(Editor’s note: The following is an edited version of a letter Mackinac Center President Joseph G. Lehman recently sent to Mackinac Center members.)

I’d like to share something with you from the president’s mailbag:

“Big disappointment with Joe’s (recent essay titled) ‘Good Start, Policymakers.’ Obstructive regulations are more detrimental to job providers and Michigan’s prosperity than either tax reform or public employee unions for a significant portion of employers … and individuals.”

The letter writer is a Mackinac Center supporter who manufactures high-tech precision goods, and he made a great point. My essay had praised lawmakers for lowering taxes, cutting corporate welfare and limiting the power of unions to bankrupt cities and schools. Although I urged lawmakers to take even stronger action, I did not highlight the huge problem of overregulation.

The crippling effect of overregulation is a theme I’m hearing more and more from the employers whose enterprises are the true engines of our economy. One of them told me on the phone recently, “The government can’t do any more with fiscal policy. It can’t do any more with monetary policy. The flywheel of the economy is stuck because growing hordes of bureaucrats are pouring sand into the gears.” (I’m paraphrasing just a little.)

It’s a federal and a state government problem. President Obama, speaking at a tax-subsidized battery plant in Holland, bragged about bypassing Congress to impose stricter fuel economy regulations on auto makers. “Think about it. That’s what we got done — and by the way we didn’t go through Congress to do it,” said the man who swore an oath to uphold the Constitution.

The National Labor Relations Board may get away with strong-arming Boeing by preventing the operation of its new multi-billion-dollar aircraft plant in South Carolina because employees there would not be forced to join a union. There is no legal precedent for such audacity.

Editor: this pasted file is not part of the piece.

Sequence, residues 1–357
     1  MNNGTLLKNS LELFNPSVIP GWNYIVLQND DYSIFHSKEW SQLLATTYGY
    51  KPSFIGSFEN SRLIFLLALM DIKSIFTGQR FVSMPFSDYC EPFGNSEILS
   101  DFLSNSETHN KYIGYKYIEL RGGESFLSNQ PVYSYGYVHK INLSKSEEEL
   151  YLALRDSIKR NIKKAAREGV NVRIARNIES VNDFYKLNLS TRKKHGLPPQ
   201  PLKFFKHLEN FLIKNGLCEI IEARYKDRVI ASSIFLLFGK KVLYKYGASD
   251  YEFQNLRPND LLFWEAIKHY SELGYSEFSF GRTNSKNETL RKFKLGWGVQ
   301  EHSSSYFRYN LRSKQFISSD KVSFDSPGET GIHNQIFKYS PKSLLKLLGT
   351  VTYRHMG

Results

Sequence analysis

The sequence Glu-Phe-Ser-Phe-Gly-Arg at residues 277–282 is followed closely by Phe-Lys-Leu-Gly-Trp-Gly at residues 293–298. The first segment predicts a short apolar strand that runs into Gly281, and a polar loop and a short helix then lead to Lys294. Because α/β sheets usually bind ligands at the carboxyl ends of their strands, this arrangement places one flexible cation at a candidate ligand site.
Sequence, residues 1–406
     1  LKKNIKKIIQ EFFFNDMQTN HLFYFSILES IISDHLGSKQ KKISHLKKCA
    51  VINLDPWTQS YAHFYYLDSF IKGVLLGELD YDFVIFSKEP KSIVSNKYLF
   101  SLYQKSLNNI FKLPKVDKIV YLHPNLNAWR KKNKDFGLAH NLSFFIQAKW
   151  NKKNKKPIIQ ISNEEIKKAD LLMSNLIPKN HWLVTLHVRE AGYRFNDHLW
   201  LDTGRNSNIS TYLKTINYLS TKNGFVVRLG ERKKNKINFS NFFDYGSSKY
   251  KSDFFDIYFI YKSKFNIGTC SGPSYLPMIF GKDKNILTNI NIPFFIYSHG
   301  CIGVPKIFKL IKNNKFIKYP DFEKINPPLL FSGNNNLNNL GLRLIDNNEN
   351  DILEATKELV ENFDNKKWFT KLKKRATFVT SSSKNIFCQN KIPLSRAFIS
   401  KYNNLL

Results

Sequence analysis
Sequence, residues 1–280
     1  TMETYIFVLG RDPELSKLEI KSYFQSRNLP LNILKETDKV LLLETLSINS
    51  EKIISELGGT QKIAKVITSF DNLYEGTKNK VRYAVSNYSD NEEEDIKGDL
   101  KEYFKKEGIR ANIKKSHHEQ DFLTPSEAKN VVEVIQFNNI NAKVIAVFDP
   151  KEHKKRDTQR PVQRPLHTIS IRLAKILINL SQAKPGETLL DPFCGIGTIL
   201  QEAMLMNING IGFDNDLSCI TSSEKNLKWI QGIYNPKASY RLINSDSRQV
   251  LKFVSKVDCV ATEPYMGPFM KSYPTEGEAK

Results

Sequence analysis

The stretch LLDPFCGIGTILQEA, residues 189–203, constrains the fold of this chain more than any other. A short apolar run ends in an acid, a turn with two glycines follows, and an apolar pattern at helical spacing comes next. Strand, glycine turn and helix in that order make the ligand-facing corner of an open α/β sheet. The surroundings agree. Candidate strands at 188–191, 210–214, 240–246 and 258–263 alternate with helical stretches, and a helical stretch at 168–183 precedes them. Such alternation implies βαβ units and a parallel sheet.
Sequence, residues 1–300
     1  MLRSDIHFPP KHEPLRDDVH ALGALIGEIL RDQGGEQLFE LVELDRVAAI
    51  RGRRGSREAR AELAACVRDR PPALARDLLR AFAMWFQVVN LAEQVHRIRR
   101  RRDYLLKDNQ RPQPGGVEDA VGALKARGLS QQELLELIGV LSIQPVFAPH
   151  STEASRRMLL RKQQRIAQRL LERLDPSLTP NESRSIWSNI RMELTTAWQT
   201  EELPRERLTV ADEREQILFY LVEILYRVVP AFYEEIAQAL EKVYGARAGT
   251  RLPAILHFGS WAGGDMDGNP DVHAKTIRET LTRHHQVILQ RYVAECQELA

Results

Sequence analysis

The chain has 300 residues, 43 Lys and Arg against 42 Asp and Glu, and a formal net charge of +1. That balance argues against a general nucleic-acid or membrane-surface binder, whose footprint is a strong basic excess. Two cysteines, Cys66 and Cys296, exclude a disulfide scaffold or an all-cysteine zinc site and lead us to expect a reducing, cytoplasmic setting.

Probably just about every Michigan business owner can tell a story of how state regulations crush opportunity and destroy wealth. Hart Enterprises, a maker of medical devices in Sparta, near Grand Rapids, was embroiled in a bitter battle with state regulators over expanding a parking lot into a disputed wetland. Only after years of costly legal wrangling, public relations battles, negotiations, and Mackinac Center case studies did the Department of Environmental Quality relent and Hart will now have space for new employees to park.

This was the right outcome, but it cost far too much and should have taken days or weeks, not years. Even if the department finally did the right thing, but we can also say it needs to be done thousands of times more just to give Michigan some kind of edge over other states.

Senior Environmental Analyst Russ Harding is leading the Mackinac Center’s charge on overregulation. His regulatory reform blueprint includes measures such as deadlines for issuing permits and “no regulation without representation.”

Regulation with representation would mean legislators, not unelected bureaucrats in state agencies, would have to approve the regulatory proposals that are now written by the regulators themselves. (Yes, it’s sadly true that most regulations are never approved in final form by the Legislature.) Enactment of our blueprint would also establish periodic reviews and sunsets of regulations.

Gov. Snyder has also appointed Russ to the Occupational Licensing Advisory Rules Committee, where he will advise the governor and the state’s Office of Regulatory Reinvention on state-imposed professional licensing requirements. In cases where professional licenses don’t clearly and directly protect public health and safety, there is little justification for them other than to empower bureaucrats and enrich license holders who want to make it harder for competitors to enter their field.

Gov. Snyder and the Legislature did get off to a good start, but they must keep the momentum going because their window of opportunity may be small. Overregulation is an excellent next action item for them.

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Joseph G. Lehman is president of the Mackinac Center for Public Policy, a research and educational institute headquartered in Midland, Mich. Permission to reprint in whole or in part is hereby granted, provided that the author and the Center are properly cited.